Katherine Johnson

West Virginia Morning
West Virginia Public Broadcasting

On this West Virginia Morning, debates nationally and globally rage on about high-speed data coverage and which country will control it, while in West Virginia, many residents are still looking for any reliable connection at all. We hear how that affects schools and communities.

nasa.gov

The West Virginia woman behind much of NASA’s 20th century space accomplishments died Monday at 101 years old. 


Katherine Johnson, a mathematician who was one of NASA's human "computers" and an unsung hero of the space agency's early days, died Monday. She calculated the flight path for America's first crewed space mission and moon landing, and she was among the women profiled in the book and movie Hidden Figures. She was 101.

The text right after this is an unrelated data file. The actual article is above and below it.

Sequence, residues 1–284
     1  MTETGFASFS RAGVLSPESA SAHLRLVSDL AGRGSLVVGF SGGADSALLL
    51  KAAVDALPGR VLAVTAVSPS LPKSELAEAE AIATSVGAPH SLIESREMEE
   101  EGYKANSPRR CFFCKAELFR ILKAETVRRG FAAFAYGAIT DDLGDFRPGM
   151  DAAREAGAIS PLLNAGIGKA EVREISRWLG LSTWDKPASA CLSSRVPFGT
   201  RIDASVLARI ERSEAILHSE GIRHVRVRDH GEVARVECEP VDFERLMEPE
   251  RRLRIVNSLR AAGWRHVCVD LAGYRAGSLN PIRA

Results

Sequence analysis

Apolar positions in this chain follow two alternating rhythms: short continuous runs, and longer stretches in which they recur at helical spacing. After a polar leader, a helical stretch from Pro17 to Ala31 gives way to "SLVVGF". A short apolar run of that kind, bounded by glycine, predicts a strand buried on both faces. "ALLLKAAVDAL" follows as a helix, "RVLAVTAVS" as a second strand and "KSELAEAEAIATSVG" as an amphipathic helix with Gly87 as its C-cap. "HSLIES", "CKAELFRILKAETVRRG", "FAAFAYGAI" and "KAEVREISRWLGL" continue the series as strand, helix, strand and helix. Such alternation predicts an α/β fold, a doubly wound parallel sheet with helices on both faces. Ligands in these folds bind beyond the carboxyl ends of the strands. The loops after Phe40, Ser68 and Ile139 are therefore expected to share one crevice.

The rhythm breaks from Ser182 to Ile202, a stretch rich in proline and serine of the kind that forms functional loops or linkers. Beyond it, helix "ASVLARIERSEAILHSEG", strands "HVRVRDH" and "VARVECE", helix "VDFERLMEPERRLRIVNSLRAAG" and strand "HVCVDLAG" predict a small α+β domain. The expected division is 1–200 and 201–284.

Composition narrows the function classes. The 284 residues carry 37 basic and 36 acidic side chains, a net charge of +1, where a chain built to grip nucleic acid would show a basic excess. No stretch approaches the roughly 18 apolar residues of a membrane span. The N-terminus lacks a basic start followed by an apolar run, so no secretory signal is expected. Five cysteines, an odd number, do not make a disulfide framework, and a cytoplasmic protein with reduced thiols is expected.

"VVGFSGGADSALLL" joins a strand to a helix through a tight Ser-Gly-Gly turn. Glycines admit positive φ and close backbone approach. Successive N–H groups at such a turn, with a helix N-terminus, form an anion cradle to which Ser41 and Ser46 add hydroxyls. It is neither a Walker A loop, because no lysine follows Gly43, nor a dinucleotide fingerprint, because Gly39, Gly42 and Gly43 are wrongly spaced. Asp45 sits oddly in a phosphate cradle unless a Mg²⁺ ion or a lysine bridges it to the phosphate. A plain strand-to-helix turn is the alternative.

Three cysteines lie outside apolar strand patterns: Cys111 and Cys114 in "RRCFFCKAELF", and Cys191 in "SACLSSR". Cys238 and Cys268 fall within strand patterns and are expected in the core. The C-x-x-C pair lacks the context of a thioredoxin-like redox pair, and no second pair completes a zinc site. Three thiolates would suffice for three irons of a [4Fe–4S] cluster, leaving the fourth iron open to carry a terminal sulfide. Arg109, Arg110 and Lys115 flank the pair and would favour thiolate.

Her death was announced by NASA Administrator Jim Bridenstine.

NASA

West Virginia State University has honored NASA mathematician Katherine Johnson with a bronze statue and scholarship dedication on the eve of her 100th birthday.

Six of Johnson's grandchildren revealed the statue during a ceremony Saturday on the West Virginia State campus in Institute.

The university also awarded a scholarship in Johnson's name to two students majoring in science, technology, engineering and math.

Johnson turned 100 on Sunday. She graduated from the school in 1937 at age 18 with bachelor's degrees in mathematics and French.

Hidden Figures
Arthur Mola / AP

A West Virginia native is one of the elite team of female African-American mathematicians at NASA featured in a new film, "Hidden Figures."

The Herald-Dispatch in Huntington reports the film tells the story of West Virginia State University graduate Katherine Johnson, now in her 90s, who helped win the space race against the Soviet Union. She is played by "Empire" star Taraji P. Henson.